Ecstasy is a drug from the amphetamine family that’s particularly popular among young adults. Extensive research over the years has shown its negative effects on the human brain. But can ecstasy cause memory loss, too? According to one recent study, it can.
A Short History of Ecstasy
Ecstasy has been around for a whole century. During the First World War, German soldiers used it as an appetite suppressant. A few decades later, it found use in couples’ therapy. But ecstasy that we know today gained popularity in the 1980s as a “happy drug.” Its primary users were young people aged 16-30 who attended rave parties.
Since then, people have started using it outside of the party scene, too. In its pure form, ecstasy makes people feel euphoric and ecstatic. Coupled with Tylenol or caffeine, it also makes them feel energetic. As such, students also use it to stay awake and alert throughout the night.
What Ecstasy Does to Your Brain
To achieve its effects, ecstasy impacts the cells in your brain that transmit serotonin. This hormone is essential to many processes in your body, including your cognitive function. And this brings us back to the initial question: can ecstasy cause memory loss?
A 2012 study observed a group of young people who had just started using ecstasy. To reduce the number of potentially confounding variables, none of them had any preexisting memory problems. After the subjects had taken the drug for up to 10 times within a year, the authors put their memory function to test.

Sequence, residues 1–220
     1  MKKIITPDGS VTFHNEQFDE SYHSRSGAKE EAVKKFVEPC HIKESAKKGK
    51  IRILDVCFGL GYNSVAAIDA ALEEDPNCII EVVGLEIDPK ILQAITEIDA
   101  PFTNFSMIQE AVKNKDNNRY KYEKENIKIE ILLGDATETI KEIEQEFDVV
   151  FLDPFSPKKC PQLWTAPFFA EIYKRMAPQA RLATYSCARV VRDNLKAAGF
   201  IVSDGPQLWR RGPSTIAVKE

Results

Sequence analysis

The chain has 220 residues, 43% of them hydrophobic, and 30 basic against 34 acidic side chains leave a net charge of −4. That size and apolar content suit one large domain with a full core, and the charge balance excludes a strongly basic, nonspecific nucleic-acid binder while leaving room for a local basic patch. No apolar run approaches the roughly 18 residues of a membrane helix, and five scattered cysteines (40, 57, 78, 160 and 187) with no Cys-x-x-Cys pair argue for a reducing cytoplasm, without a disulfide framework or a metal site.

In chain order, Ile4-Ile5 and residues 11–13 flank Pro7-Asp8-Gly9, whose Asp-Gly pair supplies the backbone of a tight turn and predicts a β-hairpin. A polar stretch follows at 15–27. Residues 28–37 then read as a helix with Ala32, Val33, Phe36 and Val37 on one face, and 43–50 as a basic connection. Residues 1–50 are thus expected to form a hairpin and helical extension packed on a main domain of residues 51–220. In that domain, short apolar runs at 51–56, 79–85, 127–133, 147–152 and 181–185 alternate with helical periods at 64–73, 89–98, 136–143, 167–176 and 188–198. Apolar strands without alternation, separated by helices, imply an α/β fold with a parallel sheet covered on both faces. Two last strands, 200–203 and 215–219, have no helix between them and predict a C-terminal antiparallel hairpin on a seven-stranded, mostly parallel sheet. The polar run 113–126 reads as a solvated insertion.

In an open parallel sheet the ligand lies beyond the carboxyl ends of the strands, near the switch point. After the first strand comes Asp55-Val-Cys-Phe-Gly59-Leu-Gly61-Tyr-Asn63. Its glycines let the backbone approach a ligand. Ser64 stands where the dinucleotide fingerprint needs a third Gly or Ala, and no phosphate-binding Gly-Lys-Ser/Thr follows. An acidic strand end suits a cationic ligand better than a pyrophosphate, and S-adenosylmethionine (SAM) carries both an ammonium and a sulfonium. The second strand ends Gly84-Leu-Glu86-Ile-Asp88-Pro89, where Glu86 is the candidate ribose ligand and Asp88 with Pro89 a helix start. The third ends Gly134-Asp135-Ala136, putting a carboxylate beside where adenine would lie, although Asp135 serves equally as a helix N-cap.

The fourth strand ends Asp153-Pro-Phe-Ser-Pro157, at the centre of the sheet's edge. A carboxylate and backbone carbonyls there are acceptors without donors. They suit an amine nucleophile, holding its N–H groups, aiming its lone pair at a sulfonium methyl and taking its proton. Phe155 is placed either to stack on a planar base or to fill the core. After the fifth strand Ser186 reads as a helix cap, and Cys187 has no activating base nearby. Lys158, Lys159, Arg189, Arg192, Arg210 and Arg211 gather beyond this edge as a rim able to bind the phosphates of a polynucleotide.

According to the results, only ten uses of the drug were enough to impair their ability to remember things. The authors concluded that the drug had a direct effect on their hippocampus, the section of the brain in charge of memorizing things. Interestingly, they couldn’t find any other similar effect of the drug on the participants’ brain function.
So, can ecstasy cause memory loss? This study shows that it can. What’s more, the scientists have also noticed that even recreational users can experience these effects. But there’s still need for further research into how this drug affects the cognitive function in humans.
Also, some of the people who took part in the study have since stopped using the drug. Further research will thus also show if this is enough to restore their brain function.